Fig. 3 is a perspective view of a similar means for scanning fiducial marks, in which the mirror I55 is driven, for example, in simple harmonic motion. Light from the source 59 is focused on the mirror I55, reflected therefrom to the fiducial marks 64 on th inside surface of the cylindrical support 63, reflected back to the mirror I55 and thence reflected to the light responsive device 60. A fixed mask 66 and a movable mask 65 can be adjusted with respect to each other to limit the aperature through which the fiducial marks will reflect the light beam back to the mirror I55. It should be understood that the movable mask 65 may be actuated in any desired manner to form an aperture proportional to the angular displacement of the two elements which is to be measured.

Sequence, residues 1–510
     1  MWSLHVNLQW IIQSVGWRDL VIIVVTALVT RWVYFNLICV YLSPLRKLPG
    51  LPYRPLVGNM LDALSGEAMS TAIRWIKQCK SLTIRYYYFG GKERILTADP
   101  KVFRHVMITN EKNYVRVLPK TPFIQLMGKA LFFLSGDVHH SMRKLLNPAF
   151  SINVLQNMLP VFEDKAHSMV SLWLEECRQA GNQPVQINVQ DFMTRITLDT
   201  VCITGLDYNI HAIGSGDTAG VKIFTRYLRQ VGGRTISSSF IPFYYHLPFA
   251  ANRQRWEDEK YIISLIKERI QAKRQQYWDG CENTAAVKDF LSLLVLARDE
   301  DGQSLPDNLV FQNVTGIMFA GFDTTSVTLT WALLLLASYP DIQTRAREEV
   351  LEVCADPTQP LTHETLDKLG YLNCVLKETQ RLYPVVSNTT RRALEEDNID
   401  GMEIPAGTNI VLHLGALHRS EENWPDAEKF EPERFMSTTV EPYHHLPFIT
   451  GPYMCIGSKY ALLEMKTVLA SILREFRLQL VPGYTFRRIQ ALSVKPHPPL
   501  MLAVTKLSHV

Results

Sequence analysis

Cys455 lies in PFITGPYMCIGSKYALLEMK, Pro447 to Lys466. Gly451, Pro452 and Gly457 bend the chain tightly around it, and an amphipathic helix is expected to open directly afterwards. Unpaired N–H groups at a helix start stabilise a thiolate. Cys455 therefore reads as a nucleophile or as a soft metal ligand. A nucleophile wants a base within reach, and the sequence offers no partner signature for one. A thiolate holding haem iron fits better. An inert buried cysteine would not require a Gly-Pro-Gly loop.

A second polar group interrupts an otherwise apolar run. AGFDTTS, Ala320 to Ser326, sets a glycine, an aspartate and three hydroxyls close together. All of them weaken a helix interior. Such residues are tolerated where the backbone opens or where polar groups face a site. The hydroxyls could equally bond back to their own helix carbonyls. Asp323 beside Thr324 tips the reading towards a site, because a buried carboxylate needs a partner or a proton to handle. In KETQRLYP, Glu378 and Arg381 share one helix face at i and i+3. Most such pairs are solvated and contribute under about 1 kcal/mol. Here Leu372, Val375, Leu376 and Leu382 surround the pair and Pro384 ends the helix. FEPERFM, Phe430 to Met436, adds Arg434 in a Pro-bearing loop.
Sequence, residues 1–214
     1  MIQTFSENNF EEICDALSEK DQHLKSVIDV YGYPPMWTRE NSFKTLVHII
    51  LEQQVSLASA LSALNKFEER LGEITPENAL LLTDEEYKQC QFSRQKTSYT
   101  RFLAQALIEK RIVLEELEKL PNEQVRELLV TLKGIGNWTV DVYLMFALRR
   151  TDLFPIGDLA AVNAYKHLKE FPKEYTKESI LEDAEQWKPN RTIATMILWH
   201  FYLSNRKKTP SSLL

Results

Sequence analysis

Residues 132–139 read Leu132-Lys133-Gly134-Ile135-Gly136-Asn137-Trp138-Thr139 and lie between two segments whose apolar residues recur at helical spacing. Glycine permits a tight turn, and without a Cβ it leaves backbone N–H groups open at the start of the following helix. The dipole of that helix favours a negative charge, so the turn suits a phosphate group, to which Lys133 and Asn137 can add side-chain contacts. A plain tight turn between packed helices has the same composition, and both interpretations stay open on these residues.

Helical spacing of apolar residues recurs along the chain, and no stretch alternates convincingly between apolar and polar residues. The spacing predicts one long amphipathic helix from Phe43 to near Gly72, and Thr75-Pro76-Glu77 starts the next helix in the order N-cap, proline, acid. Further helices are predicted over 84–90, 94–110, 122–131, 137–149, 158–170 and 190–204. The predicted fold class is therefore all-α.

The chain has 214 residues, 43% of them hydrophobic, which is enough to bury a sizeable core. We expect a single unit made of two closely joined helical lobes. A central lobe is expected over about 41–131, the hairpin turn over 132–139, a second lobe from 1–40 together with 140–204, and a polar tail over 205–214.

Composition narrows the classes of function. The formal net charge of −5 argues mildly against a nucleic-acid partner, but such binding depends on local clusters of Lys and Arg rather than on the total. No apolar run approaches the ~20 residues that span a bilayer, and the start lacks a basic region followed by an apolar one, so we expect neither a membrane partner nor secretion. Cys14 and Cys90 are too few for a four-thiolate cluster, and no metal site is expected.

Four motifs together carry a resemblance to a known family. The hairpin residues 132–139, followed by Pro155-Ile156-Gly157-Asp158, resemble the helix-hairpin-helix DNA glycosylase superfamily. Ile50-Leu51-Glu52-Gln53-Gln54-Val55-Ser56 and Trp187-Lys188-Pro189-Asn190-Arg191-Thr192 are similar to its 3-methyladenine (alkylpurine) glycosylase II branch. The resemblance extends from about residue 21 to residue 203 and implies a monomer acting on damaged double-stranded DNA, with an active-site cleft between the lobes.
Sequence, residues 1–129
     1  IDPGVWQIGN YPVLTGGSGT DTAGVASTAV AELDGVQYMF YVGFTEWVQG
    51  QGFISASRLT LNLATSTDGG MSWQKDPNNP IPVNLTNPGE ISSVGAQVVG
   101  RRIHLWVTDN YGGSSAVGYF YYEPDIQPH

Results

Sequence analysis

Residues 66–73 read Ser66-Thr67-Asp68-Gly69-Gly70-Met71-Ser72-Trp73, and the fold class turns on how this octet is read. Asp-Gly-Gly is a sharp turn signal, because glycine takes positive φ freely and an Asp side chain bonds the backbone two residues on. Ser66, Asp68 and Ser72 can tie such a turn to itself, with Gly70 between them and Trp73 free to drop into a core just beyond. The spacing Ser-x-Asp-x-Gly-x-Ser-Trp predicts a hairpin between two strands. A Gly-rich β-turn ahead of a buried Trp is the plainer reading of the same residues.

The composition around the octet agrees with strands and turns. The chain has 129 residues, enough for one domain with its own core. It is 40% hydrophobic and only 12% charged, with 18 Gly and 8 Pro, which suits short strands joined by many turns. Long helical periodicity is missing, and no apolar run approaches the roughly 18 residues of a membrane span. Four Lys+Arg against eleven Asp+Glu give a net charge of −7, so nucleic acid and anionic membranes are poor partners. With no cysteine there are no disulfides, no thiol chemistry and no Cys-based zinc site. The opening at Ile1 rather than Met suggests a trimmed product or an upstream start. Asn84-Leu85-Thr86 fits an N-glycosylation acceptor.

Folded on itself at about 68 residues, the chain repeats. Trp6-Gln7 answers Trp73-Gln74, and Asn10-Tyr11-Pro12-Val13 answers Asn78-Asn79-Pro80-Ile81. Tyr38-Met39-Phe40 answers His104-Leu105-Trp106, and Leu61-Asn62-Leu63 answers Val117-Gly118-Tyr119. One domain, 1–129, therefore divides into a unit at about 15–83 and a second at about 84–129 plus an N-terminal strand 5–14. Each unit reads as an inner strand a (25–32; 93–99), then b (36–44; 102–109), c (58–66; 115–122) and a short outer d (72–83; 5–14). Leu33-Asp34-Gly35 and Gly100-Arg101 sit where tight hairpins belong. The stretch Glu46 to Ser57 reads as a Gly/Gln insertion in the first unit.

Figure 4 is a schematic diagram of a device utilizing a rotating disc 210 having a narrow radial slit 274. A transparent disc 263 having opaque fiducial marks 264, a fixed mask 266, and a movable mask 265 are disposed adjacent the rotating disc 210 and coaxial therewith. Light from the source 59 is interrupted by rotating slit 274 of disc 279 thereby to scan thefiducial marks 264. The relative adjustment of the fixed mask 266 and movable mask 265 determines the angle of the fiducial marks scanned by the rotating light beam. The light beam, after passing through the discs, is directed to the spherical reflector I5 and is reflected therefrom to the light responsive device 60. Electric pulses derived from the light responsive device 60 are utilized in the electronic counter 62 or the circuit of Fig. 8 as described heretofore.